National and Transnational Production for Uruguayan Cinema

From 1938 to 1953, the world of Uruguayan cinema began to expand in terms of commercial production of sound films following the 1936 release of Dos destinos (Two destinies). During this decade-and-a-half window before and after World War II, there were thirteen national films that saw the light of day and the producers of each film all failed to make another one. In 1938, the film Soltero soy feliz (I am happy as a bachelor) became a well-received national film and featured two prominent Uruguayan performers, the tango pianist and actor Ramon Collazo and the tango singer Alberto Vila.15 In 1939, the Uruguayan film Radio Candelario was a star vehicle for the immensely popular Uruguayan radio actor Eduardo Depauli. The film featured numerous Uruguayan performers and was a musical comedy that was indebted to numerous Argentine films of the era. Depauli was particularly influenced by the work of the Argentine comic actor Luis Sandrini, who was among Latin American cinema’s biggest stars. In 1946, the Argentine director Julio Saraceni filmed an adaptation of The Three Musketeers in Montevideo’s Parque Rodo with Argentine actors Roberto Airaldi, Armando Bo, and Augusto Codecá. The film was an Argentine-Uruguayan coproduction and enjoyed moderate commercial success in both national markets. In 1949, the Uruguayan director Adolfo Fabregat filmed the slapstick mystery film Detective al contramano (Detective on the Wrong Track). The film starred the well-known Uruguayan radio performer and comic actor Juan Carlos Mareco, and the production received considerable press in Uruguay in anticipation of its arrival in the theaters. The film’s domestic box office was strong, and the film’s producers were anxious to release the film in neighboring Argentina to appeal to the mass public of Buenos Aires. However, the Peronist regime in Argentina embargoed the Uruguayan film when it was sent to Buenos Aires, and the film’s Uruguayan producers never made the profits they expected on the film from exhibiting in Argentina. Their production plans for another film were thwarted. Also in 1949, the European émigré film editor Kurt Land arrived in Montevideo to direct the film noir El ladron de los sueños (The Thief of Dreams). The film was advertised as an authentically Uruguayan production but featured Argentine actors in leading roles and was directed by an Austrian residing in Argentina. After concluding his work on El ladron de los sueños, Land directed several films in Argentina during the 1950s. In 1950, Uruguayan director Adolfo Fabregat made another film after Detective al contramano when he helmed Uruguayos campeones (Uruguayan Champions), a documentary about Uruguay’s World Cup–championship soccer team in 1950 that was also a commercial success. However, all of Fabregat’s subsequent cinematic directing work in the 1950s and 1960s was focused on documentary films for the Uruguayan state on such subjects as national beer production and historical interest topics such as the tomb of national here José Gervasio Artigas.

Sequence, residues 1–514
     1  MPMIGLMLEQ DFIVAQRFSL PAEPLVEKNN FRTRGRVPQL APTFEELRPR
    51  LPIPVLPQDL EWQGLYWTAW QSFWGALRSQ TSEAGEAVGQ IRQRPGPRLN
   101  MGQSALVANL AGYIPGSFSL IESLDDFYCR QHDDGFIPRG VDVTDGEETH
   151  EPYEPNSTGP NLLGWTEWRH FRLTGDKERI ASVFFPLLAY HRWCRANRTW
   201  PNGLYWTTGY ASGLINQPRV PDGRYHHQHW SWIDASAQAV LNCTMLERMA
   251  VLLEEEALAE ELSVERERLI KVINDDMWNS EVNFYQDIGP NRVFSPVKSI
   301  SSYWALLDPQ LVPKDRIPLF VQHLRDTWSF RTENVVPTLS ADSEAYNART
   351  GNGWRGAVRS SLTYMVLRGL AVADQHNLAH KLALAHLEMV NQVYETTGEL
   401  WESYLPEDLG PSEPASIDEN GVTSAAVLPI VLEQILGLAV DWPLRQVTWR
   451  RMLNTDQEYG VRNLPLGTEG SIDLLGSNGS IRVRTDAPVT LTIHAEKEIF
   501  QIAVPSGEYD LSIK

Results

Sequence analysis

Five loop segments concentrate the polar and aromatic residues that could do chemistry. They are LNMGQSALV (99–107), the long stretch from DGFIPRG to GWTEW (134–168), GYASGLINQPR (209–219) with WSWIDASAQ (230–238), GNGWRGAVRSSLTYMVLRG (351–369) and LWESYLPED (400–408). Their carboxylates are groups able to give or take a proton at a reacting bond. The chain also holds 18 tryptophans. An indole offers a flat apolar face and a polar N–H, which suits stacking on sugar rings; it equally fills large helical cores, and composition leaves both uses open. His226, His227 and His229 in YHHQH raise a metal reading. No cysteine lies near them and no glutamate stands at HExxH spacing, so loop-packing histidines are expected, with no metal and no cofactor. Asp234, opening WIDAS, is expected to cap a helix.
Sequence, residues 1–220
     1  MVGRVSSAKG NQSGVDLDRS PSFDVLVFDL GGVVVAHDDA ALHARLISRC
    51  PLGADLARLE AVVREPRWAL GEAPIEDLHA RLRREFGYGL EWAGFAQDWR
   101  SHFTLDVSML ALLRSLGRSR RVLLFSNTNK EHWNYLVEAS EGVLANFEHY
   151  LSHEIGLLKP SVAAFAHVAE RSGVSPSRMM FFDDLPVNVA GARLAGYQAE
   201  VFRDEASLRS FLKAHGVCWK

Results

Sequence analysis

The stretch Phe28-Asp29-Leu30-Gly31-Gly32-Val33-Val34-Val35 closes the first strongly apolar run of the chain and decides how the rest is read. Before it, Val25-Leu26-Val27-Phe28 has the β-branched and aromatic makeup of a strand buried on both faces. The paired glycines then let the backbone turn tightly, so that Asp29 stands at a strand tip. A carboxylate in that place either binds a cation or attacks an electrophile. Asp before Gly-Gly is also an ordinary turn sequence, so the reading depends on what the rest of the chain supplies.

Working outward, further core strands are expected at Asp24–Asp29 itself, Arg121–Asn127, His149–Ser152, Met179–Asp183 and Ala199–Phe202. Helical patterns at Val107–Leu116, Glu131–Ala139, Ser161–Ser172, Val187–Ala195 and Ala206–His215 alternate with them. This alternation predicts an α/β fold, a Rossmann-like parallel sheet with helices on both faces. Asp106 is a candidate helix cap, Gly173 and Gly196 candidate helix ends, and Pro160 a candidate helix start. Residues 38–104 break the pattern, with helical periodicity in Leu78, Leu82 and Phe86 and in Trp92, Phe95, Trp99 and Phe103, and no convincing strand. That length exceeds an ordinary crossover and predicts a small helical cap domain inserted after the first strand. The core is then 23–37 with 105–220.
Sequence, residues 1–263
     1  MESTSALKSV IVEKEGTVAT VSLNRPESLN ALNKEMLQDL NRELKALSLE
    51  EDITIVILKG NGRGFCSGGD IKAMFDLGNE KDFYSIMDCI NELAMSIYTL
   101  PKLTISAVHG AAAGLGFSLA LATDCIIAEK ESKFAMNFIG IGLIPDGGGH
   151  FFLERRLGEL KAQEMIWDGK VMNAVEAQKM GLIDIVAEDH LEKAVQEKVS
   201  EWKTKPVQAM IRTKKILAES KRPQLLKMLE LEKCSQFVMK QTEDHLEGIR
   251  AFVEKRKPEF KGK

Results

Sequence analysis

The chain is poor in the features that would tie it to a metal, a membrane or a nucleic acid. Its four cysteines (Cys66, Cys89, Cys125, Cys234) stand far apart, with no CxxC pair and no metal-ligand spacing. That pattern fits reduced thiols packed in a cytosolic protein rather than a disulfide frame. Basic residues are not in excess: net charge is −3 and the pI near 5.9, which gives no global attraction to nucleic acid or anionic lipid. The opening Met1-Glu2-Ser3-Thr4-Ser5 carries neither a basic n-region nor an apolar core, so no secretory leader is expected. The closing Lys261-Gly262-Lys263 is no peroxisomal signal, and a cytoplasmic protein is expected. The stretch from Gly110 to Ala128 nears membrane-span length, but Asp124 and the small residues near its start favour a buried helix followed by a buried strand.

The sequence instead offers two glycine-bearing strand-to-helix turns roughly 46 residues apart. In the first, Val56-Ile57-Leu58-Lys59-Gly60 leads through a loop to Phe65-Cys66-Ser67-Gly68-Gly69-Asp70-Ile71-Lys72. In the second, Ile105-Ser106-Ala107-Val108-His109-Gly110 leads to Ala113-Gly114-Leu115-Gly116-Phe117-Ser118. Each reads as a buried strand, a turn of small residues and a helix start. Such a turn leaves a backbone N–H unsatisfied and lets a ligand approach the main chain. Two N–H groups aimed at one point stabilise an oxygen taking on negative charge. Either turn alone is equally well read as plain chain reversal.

While Uruguay’s fragmented cinematic producers created approximately thirteen commercial films from the late 1930s to early 1950s, there was still no development of viable national film studios in Uruguay. The imposing shadow of Argentina’s film industry was in large part responsible for this national deficiency in Uruguay. In the neighboring metropolis of Buenos Aires, Argentine film studios in the 1940s and 1950s expanded to become large-scale operations akin to Hollywood studios and attracted the most notable Uruguayan directors and performers to establish their careers in Buenos Aires. During the 1940s, Argentine film studios such as Lumiton, Argentina Sono Film, Estudios San Miguel, and Estudios Baires were all prolific centers of cinematic production. The studios were partially based on Hollywood studios and collectively produced an average of thirty to forty Argentine films annually.